3. Between the lines: The field of adversarial machine learning and machine learning security are going to be foundational for the responsible deployment of AI technologies, and such research work helps to raise important questions and provide more research directions so that we can build more robust systems over time. While it is great to continue deploying AI systems and incorporating them into various products and services, without giving due consideration to how these systems might break down, we risk opening up new attack surfaces for malicious actors beyond the already vast vulnerabilities we face in the digital infrastructure that surrounds us. 

The Stealthy iPhone Hacks That Apple Still Can't Stop

  1. What happened: In a not-so-surprising revelation, high-profile individuals were targeted by the Bahraini government using zero-click attacks that targeted vulnerabilities in the iMessage app on the iPhone. Dubbed “Megalodon” and “Forced Entry” by Amnesty International and Citizen Lab respectively, the attacks bypass critical protections created by Apple, called BlastDoor, to guard against these kinds of attacks. The zero-click attacks don’t require any interaction from the user and that’s what gives them potency and effectiveness.  

  2. Why it matters: Though these attacks cost millions of dollars to develop and they often have short shelf-lives because of security patches and updates issued by manufacturers, they still pose an immense threat to the targeted individuals. The issue is exacerbated because Apple refuses to allow users to disable apps that they provide natively on the iPhone. Past releases have shown that the attack surface for such kinds of apps is quite large and protecting against such threats is increasingly difficult and requires significant overhauls of the core architecture, which will require tons of resources from Apple to make the necessary changes, something that they are unlikely to do in the short-run.  

  3. Between the lines: iMessage is not the only app that faces such zero-click attacks; there are other apps like Whatsapp that are also susceptible to different attacks that follow similar patterns. With the utilization of AI to discover vulnerabilities, we are perhaps entering an era whereby the detection of vulnerabilities is greatly accelerated allowing malicious actors to craft even more sophisticated attacks by directing their energies towards developments of those exploits more so than having to discover the vulnerabilities first before crafting the attacks. This places an additional burden on the manufacturers to ensure that they have more robust development practices guaranteeing security of the end user’s devices and apps.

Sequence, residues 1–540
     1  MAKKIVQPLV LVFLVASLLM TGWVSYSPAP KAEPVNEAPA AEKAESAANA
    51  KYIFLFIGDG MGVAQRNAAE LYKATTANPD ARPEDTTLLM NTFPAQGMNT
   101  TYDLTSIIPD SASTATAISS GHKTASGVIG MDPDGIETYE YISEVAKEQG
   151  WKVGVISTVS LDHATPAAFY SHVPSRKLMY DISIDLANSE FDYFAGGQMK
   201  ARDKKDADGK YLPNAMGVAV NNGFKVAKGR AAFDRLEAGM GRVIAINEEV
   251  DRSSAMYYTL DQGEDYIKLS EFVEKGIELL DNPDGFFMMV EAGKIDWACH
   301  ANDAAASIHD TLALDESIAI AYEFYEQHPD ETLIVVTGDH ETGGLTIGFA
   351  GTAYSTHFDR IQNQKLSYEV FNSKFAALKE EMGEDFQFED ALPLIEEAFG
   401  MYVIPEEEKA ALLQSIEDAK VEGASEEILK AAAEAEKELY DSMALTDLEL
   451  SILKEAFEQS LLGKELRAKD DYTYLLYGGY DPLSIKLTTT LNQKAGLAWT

From our Living Dictionary:

‘Unsupervised learning’

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In case you missed it:

Changing My Mind About AI, Universal Basic Income, and the Value of Data

As Artificial Intelligence grows more ubiquitous, policy-makers and technologists dispute what will happen. The resulting labor landscape could lead to an underemployed, impoverished working class; or, it could provide a higher standard of living for all, regardless of employment status. Recently, many claim the latter outcome will come to pass if AI-generated wealth can support a Universal Basic Income – an unconditional monetary allocation to every individual. In the article “Changing my Mind about AI, Universal Basic Income, and the Value of Data”, author Vi Hart examines this claim for its practicality and pitfalls.

Through this examination, the author deconstructs the belief that humans are rendered obsolete by AI. The author notes this belief benefits the owners of profitable AI systems, allowing them to acquire the on-demand and data labor they need at unfairly low rates – often for less than a living wage or for free. And although a useful introduction to wealth redistribution, UBI does not address the underlying dynamics of this unbalanced labor market. Calling for the fair attribution of prosperity, the author proposes an extension to UBI: a model of compensation that assigns explicit value to the human labor that keeps AI systems running.

To delve deeper, read the full summary here.